Of course, even though that reel focuses on the family adventure aspects of the show and does contain many of the elements which would draw viewers in, it is missing two of the most important factors that really made Lost in Space the fondly remembered show that it became, and that’s because neither of the two most interesting and famous aspects of the show were not in the original plans.

Those, of course were the Robot and the high-camp Dr. Smith. It was not until those elements were added (after the initial and unaired at the time pilot was shot) that the show really became the fondly remembered icon that it is today.

I apologize, btw for the effect overlay in the above clip, but it appears to be there to circumvent any YouTube issues. Still it’s good enough to give you a sense of the show.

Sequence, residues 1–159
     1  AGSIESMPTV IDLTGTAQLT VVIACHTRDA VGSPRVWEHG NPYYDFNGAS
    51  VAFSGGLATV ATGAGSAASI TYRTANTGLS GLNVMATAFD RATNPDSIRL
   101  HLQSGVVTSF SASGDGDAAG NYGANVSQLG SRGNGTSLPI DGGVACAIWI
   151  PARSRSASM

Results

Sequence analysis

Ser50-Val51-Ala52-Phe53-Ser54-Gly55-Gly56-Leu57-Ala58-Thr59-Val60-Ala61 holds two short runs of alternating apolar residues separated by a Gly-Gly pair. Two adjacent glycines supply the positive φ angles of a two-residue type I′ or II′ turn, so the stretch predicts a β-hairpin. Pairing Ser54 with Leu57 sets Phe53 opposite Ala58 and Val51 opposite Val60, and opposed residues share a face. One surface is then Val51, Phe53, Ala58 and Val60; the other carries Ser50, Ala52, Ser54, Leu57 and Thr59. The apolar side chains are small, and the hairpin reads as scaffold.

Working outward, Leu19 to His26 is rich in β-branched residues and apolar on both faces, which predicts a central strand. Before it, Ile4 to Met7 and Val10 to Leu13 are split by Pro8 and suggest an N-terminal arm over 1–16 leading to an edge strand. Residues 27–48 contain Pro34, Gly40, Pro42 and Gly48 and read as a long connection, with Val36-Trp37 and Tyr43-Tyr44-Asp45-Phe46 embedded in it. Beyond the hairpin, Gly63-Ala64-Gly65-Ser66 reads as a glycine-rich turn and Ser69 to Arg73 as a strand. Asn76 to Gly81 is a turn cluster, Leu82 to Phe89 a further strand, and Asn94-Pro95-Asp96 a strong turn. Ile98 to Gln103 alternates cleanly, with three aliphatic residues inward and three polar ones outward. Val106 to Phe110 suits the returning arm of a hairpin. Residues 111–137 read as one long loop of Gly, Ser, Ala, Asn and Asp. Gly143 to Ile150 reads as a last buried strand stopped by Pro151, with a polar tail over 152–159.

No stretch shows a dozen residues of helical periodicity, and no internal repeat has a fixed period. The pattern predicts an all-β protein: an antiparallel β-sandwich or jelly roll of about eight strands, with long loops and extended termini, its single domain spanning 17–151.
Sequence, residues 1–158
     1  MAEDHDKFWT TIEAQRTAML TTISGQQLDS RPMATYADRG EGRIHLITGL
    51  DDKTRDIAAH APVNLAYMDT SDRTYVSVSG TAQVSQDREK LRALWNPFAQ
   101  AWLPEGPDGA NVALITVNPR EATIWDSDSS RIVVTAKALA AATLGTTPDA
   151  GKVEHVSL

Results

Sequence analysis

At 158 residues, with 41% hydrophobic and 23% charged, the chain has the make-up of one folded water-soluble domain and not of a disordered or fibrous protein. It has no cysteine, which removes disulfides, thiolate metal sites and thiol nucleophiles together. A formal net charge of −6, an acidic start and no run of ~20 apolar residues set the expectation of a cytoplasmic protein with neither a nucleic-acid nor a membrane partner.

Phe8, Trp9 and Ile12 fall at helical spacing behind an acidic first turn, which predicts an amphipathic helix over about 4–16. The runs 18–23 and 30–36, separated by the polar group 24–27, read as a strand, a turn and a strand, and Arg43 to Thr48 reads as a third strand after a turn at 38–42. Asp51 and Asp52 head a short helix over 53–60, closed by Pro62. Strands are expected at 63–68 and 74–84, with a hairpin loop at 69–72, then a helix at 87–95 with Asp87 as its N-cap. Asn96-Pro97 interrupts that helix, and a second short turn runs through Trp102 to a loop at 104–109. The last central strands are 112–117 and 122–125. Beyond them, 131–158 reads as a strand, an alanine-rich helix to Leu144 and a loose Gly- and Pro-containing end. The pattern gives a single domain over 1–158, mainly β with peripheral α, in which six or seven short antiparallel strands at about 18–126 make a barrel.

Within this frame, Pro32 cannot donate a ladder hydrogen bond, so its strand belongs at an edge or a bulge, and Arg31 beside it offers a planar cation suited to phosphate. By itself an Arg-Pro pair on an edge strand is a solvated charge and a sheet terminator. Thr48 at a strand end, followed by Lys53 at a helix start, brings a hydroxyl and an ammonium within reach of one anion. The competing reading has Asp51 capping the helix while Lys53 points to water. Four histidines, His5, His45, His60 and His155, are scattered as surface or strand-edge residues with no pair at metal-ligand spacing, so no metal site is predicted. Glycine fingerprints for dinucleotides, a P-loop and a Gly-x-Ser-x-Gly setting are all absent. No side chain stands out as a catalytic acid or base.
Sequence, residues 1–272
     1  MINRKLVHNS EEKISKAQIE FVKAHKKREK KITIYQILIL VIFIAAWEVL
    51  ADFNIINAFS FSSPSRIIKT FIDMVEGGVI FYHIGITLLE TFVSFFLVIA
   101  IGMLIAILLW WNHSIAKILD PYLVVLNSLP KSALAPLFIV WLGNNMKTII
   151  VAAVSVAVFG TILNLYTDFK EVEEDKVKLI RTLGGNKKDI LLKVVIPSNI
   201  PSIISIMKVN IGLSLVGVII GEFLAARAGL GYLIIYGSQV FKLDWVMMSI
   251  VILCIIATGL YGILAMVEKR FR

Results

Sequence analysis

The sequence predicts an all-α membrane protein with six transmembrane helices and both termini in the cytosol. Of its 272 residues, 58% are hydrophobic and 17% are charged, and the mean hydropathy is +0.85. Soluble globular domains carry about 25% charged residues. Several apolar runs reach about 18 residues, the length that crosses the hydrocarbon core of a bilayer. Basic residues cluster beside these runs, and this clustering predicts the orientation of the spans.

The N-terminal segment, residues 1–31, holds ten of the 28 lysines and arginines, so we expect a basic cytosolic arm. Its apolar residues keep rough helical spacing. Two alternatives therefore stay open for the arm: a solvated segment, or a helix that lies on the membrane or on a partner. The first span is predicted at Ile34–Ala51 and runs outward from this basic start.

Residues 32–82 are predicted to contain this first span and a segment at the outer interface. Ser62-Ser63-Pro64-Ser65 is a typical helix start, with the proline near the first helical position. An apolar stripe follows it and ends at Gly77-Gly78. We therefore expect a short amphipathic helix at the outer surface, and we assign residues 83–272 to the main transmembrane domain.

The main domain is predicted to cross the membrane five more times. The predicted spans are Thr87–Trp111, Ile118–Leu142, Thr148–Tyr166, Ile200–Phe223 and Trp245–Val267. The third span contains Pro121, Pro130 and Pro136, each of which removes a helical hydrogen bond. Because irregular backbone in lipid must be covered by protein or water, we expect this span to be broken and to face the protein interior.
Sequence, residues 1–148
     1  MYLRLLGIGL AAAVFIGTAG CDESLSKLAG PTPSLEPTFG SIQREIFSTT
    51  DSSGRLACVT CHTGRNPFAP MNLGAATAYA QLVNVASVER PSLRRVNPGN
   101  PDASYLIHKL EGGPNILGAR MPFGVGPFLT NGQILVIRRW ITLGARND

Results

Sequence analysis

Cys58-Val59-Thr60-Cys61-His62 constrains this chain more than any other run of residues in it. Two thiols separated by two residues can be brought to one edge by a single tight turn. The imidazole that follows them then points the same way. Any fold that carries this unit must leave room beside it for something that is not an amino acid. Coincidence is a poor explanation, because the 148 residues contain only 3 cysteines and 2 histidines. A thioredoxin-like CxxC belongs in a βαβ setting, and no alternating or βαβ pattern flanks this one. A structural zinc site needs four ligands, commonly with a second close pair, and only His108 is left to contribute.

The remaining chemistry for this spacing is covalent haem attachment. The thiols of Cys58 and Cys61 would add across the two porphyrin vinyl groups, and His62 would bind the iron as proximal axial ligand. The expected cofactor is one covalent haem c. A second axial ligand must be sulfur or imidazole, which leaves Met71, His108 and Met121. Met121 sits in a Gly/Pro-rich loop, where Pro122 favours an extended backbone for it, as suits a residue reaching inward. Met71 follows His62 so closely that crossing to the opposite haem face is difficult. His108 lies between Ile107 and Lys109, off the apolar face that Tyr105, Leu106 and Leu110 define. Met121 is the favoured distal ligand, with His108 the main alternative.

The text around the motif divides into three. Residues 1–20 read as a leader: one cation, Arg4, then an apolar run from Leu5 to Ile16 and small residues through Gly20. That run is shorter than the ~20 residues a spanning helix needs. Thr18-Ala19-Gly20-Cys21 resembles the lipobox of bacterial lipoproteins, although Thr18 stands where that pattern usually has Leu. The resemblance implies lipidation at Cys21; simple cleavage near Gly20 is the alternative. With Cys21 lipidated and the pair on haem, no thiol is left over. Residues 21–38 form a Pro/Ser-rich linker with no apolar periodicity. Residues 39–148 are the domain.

Anyway, according to this and a number of other media reports, Lost in Space will be… well, not exactly soon, since it’s not expected to drop until 2018, but eventually, returning to the small screen as a 10 episode series on Netflix. Obviously at this point we don’t know a whole lot about what the show will be like, but early reports indicate that the new show may hew more closely to the initial concept – more of a straight sci-fi adventure than what the original eventually became.

lis2Which is okay, and is possibly more suited for today’s audience, but at the same time seems the kind of move that will make it just another space adventure show and not the kind of thing that will be must see and inspiring viewing for those budding young minds looking for something which will attract them into a science fiction fandom that they may not even know exists the way the original did with my generation.

Which would be a shame, because without them, sf has no future.

Or, to put it another way, “Danger, Will Robinson! My circuits detect an unnecessary seriousness overload!”